The onset age of these disorders is generally from 2-6 years of age, but may be later. Frequently there is a family history of similar episodes in a parent or sibling. Recent studies suggest that, at least in one family, a specific genetic abnormality may be the root of sleep walking.

These sleep related behaviors usually occur in the first third of the night during what has been referred to as slow wave sleep. The initial sign may be a loud scream or moaning. The child may get out of bed and appear to observers to be terrified. Physical signs include rapid heart rate and breathing, dilated pupils and even sweating.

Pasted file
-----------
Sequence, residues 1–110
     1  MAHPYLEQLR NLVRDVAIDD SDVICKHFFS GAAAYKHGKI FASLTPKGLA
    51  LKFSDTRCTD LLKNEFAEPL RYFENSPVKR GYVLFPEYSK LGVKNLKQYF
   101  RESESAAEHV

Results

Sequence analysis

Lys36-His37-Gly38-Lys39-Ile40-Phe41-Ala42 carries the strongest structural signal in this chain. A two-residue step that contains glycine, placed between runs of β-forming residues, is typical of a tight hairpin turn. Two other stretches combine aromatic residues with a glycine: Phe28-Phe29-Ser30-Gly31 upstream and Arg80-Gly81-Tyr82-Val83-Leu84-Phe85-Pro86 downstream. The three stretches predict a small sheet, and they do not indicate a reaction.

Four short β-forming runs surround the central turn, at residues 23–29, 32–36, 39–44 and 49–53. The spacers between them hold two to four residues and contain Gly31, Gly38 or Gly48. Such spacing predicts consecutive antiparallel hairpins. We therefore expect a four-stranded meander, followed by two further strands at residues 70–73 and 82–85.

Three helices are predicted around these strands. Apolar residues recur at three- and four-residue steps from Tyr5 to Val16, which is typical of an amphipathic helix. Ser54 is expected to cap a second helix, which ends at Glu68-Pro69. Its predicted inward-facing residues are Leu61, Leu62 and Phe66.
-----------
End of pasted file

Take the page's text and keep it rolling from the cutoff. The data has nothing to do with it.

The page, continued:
Factors which may trigger an episode of sleep walking or sleep terrors include insufficient or disrupted sleep, stress, some medications or an inter-current illness, especially with fever. Disorders which may be disguised as sleep terrors or sleep walking include nightmare disorder, sleep-related epilepsy, panic disorder or obstructive sleep apnea.

Most cases of sleep terrors and sleep walking require no specific treatment. Children with sleep walking and sleep terrors are generally physically and developmentally normal.

We advise you to take your child to a pediatrician or sleep specialist if these events occur more than a few times a month, become disruptive to the household, involve dangerous or potentially dangerous behavior and/or become associated with daytime sleepiness and abnormal daytime behaviors.

A Word on Sleeping Pills